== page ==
Together, these results suggest a role for miR-150 either in maintaining the undifferentiated status of naïve T cells or in promoting early steps in T cell differentiation. [score:1]
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22
[+] score: 47
In this study, we have known that, in EV71 severe infection, the altered expression of miR-876-5p (upregulation) and miR-150-5p (downregulation) regulated genes that are related to PI3K-Akt and MAPK signaling pathways. [score:10]
Our results implied that the combination of differentiated expressions of miRNAs (upregulation of miR-876-5p and downregulation of miR-150-5p) should provide an indication of circulating miRNA patterns detected in the serum of patients with mild and severe EV71infections. [score:9]
Hence, the MAPK signaling pathway-related genes, including CACN, FGFR, TGFBR, HGK, MKP, p38, NLK, cPLA2, and p53 proteins, were regulated by miR-150-5p, indicating that the response and regulation of the expression of key genes for survival in patients with severe EV71 infection is highly complex. [score:5]
We quantitated the expression levels of 4 miRNAs in the cultured media by using specific primers: The expression of miR-876-5p increased in EV71-infected neuroblastoma cells compared with the cells of uninfected controls, whereas miR-150-5p expression decreased in the cultured medium of EV71-infected cells. [score:5]
In this study, we identified a focused group of 8 miRNAs comprising has-miR-494, has-miR-29b-3p, has-miR-551a, has-miR-606, has-miR-876-5p, has-miR-30c-5p, has-miR-221-3p, and has-miR-150-5p, which demonstrated an expression pattern in patients infected with EV71 as distinct from the controls. [score:3]
We also observed a significantly reduced expression of miR-150-5p in the serum of a patient with a severe EV71 infection. [score:3]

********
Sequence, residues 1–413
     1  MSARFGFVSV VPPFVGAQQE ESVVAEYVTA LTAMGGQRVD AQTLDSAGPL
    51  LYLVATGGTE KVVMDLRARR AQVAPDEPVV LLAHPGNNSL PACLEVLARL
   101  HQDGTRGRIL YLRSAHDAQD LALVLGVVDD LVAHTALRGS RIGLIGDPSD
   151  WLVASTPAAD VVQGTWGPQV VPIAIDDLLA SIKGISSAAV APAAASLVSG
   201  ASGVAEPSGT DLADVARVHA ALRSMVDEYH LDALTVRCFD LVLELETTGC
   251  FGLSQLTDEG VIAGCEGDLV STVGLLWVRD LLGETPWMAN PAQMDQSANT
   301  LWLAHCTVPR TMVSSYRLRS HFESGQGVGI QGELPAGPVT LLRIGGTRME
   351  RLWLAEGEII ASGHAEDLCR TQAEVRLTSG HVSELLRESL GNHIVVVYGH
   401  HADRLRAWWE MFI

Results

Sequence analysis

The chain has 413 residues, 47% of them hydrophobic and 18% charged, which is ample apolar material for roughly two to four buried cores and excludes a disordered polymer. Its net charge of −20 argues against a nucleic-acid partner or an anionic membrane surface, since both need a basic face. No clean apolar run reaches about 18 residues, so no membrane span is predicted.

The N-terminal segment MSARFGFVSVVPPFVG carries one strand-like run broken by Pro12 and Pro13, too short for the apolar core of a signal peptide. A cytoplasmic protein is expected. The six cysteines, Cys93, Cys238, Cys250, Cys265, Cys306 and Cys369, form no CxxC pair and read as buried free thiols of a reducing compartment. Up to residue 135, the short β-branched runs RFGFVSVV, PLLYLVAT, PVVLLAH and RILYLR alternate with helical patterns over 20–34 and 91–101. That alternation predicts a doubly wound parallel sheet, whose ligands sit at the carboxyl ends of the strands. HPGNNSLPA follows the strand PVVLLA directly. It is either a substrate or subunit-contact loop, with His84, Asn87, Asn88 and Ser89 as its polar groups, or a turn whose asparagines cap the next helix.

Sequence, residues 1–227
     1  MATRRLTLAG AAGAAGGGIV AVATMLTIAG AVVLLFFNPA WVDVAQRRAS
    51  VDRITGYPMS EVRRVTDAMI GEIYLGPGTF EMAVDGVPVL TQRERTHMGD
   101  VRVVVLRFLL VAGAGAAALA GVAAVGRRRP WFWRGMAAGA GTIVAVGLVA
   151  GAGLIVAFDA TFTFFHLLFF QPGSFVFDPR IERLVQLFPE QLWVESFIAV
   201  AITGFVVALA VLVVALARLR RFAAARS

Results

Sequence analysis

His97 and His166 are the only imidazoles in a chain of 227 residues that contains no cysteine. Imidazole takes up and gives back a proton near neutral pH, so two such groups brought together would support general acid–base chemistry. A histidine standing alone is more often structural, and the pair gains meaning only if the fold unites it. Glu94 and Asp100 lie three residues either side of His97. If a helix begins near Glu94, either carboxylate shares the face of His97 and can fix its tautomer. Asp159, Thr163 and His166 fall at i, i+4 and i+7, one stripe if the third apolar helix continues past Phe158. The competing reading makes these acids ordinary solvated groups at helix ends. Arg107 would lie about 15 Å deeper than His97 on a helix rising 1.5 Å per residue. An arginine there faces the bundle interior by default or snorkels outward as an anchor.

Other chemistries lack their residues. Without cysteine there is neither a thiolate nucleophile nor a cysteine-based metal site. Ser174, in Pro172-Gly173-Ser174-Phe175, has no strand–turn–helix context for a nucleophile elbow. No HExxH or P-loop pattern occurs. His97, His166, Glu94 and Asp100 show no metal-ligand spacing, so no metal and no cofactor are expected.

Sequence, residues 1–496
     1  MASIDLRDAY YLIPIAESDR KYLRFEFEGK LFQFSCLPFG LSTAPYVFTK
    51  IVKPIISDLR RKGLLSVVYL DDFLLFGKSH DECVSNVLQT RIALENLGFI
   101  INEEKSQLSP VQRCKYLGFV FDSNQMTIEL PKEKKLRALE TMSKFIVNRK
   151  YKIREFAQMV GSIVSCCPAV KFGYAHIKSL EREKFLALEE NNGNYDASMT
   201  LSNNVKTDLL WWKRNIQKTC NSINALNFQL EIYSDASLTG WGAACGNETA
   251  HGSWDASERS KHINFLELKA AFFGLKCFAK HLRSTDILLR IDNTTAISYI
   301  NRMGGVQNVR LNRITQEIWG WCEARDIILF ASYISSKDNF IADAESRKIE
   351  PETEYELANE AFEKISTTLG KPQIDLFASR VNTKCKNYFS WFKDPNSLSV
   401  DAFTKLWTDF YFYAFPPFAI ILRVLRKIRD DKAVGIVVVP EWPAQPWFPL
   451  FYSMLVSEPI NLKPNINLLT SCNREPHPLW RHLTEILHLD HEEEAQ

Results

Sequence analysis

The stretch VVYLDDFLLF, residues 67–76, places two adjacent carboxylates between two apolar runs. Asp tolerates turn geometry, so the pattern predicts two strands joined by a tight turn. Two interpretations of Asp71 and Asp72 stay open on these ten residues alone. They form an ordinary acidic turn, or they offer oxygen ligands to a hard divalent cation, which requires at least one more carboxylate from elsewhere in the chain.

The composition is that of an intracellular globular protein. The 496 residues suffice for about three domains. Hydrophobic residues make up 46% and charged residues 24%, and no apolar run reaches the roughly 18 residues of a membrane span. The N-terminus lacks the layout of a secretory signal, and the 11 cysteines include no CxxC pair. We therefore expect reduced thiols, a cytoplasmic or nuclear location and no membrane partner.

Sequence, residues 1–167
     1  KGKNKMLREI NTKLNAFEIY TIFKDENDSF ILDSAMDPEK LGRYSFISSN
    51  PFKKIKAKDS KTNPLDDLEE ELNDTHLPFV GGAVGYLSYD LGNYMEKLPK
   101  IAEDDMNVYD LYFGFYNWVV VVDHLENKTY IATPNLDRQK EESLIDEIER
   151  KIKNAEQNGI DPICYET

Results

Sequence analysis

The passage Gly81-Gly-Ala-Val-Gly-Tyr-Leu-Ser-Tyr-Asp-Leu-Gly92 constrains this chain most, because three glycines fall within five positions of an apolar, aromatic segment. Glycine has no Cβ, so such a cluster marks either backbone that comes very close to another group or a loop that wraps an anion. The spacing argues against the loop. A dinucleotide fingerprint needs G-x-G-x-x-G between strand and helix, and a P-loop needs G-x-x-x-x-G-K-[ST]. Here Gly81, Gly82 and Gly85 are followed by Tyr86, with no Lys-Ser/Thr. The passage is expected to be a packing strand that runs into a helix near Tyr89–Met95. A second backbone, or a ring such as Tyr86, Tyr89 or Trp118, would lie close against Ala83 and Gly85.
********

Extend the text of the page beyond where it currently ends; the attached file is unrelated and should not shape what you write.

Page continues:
In a similar manner, the most significantly reduced expression of miR-150-5p in response to a severe EV71 infection occurred in genes related to the MAPK signaling pathway, including CACN, FGFR, TGFBR, HGK, MKP, p38, NLK, cPLA2, and p53 proteins (see Supplementary Fig. S4). [score:3]
The expression of has-miR-494, has-miR-29b-3p, has-miR-876-5p, and has-miR-30c-5p was more abundant in the blood serum of patients with mild or severe EV71 infections, whereas has-miR-551a, has-miR-606, has-miR-221-3p, and has-miR-150-5p were less abundant in the blood serum of patients with mild or severe EV71 infections than they were in the blood serum of healthy controls (Fig. 2). [score:3]
According to our results, many genes involved in the p38 MAPK signaling pathway are regulated by miR-150-5p, indicating that the p38 MAPK pathway is closely associated with severe EV71 infections. [score:2]
MiR-876-5p and miR-150-5p were detected in media from EV71-infected neuroblastoma cells. [score:1]
In addition, functional enrichment analysis on these cellular genes revealed various overrepresented pathways, including the coagulation cascade pathway (miR-494, see Supplementary Fig. S1), Mucin type O-glycan biosynthesis pathway (miR-551a, see Supplementary Fig. S2), PI3K-Akt pathway (miR-876-5p, see Supplementary Fig. S3), and MAPK signaling pathway (miR-150-5p, see Supplementary Fig. S4), which are critical cellular pathways related to EV71 infection. [score:1]
These results suggested that the dysfunction of miR-876-5p and miR-150-5p induced cell apoptosis in response to severe EV71 infections. [score:1]
The expression of miR-150-5p, miR-664-3p, miR-331-3p, and miR-876-5p was evaluated through qPCR. [score:1]
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23
[+] score: 41
Prior to validating whether miR-583 and miR-143 contributed to targeted suppression of IL2Rγ expression, we analyzed the expression kinetics of miR-583 and miR-143, as well as the well-known miRNAs miR-223 and miR-150, during NK cell differentiation using real-time qPCR (Fig. 3b). [score:9]
Our results were consistent with the microarray data presented in Fig. 2 showing that the expression of miR-583, miR-143 and miR-223 were decreased; however, the expression of miR-150 was increased during NK cell differentiation. [score:5]